The National Governors Council of Liberia, representing 16 tribes and 15 counties recently gowned and certificated the former Director of Cyber Crime (Ministry of National Security) for his five years work without salary and for his extraordinary services rendered to his country as contributing to the growth of Liberia.
He was also honored for his heroic services rendered in a major combat in the deadly Baghdad slum, Sadr City, Iraq on August 16, 2004 while serving in the U.S. Army. He was awarded for his services by former US President George Bush at a ceremony held at the White House.
One of the awards he earned was his courageous action that led to the evacuation of his crew despite numerous risks. As a member of the Poro society, his action put Liberia on the world map, said Madam Musu Thompson, president of the Liberia Governors Council.
“You did not choose to remain in the United States,” Madam Thompson told Mr. Joseph J. Brown before the gowning ceremony, “but chose to come home to help your people.” She said the honor did not have anything to do with politics but simply to show their appreciation for a Liberian who did not forget his past. Delivering a special message from President Ellen Johnson-Sirleaf before the gowning and certification ceremony, the Director General of the National Bureau of Veteran Affairs, Brigadier General Rudolf F. Kolaco Sr. (rtd), spoke about the character of Mr. Brown.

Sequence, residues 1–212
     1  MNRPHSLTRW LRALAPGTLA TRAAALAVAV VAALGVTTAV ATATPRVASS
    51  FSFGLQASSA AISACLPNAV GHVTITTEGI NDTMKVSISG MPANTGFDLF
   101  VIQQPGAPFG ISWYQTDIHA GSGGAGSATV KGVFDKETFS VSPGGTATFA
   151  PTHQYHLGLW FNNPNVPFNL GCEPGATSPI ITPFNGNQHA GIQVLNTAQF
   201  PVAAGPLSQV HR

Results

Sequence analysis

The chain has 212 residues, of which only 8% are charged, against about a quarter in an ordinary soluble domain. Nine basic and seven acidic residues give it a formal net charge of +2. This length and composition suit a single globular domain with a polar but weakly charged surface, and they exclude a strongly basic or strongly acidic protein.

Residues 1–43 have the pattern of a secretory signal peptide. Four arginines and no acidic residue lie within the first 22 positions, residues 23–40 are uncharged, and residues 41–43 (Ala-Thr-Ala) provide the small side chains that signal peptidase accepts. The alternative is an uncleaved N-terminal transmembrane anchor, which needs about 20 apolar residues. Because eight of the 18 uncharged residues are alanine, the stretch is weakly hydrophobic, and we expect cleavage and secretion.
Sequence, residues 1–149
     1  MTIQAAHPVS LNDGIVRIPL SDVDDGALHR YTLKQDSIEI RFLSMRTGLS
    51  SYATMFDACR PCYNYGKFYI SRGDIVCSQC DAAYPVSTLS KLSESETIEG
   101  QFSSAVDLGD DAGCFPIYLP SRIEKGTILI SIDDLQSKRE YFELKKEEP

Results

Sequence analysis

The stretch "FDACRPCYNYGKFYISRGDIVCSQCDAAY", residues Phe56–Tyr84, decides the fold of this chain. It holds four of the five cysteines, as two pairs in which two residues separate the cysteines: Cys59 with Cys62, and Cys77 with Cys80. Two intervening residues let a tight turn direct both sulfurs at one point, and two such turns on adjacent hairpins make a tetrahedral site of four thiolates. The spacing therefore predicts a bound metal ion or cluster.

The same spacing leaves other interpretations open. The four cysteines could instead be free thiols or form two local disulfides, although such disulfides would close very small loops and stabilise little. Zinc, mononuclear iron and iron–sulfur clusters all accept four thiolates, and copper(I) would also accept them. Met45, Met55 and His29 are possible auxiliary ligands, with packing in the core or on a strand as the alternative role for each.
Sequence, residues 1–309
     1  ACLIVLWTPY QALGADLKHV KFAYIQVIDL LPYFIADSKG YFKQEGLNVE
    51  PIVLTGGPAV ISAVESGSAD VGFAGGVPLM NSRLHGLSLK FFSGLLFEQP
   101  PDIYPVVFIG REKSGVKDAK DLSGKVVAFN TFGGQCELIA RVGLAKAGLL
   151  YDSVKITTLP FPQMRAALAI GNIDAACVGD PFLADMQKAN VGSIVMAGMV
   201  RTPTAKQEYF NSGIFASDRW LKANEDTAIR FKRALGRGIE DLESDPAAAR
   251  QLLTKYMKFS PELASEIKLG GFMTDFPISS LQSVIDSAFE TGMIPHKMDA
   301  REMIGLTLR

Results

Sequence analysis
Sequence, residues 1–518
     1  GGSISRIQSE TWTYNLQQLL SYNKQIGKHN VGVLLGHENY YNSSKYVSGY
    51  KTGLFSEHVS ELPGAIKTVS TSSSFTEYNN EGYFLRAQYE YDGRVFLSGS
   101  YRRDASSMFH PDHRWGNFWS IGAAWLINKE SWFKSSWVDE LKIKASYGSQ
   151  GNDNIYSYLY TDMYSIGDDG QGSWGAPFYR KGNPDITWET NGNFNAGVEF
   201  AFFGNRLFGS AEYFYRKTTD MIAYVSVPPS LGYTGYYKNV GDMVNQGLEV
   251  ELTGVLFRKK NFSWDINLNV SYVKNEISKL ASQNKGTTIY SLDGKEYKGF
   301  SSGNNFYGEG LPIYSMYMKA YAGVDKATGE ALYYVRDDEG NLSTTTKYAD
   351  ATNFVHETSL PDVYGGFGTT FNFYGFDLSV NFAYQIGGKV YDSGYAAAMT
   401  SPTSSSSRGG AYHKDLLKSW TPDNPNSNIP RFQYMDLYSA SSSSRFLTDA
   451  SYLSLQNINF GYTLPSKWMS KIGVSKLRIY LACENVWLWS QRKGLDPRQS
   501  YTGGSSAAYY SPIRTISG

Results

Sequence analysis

“He is a veteran soldier with discipline who at a crucial part of his career managed to save his commanding officer during his tour of duty in Iraq,” Director Kolaco said. It was a reference Mr. Joseph J. Brown’s tour of duty as a corporal with US forces during Operation Iraqi Freedom initiated by the United States in 2003. Director Kolaco reflected on the quality of a good soldier, with emphasis on being a follower, faithfulness to duty, familiarity, a fighter and being efficient.
“Mr. Brown is a veteran who possesses all these qualities,” Director Kolaco stated.
Responding after the gowning and certification ceremony, Mr. Brown, now 31 years old, expressed appreciation to the Government of Liberia and the Governors Council of Liberia for the honor and paid tribute to his mother and called for mothers to be respected in the country.
Mr. Brown, who served for five years as the first director of Cyber Crime Unit at the Ministry of National Security, and rejected salary or compensation for the period, reflected on the positive values that he earned from his mother that helped him in his military career.
He spoke about his determination to support the Poverty Reduction Strategy that President Johnson Sirleaf initiated. From 2010 to 2013, Mr. Brown loaned out U$350,000 to youth and business women as a way of empowering his community, along with a 40 foot container of computers and reading materials.
Brown holds an Associate in computer information systems; a Bachelor’s degree in political science and a Masters degree in public administration, a press release said.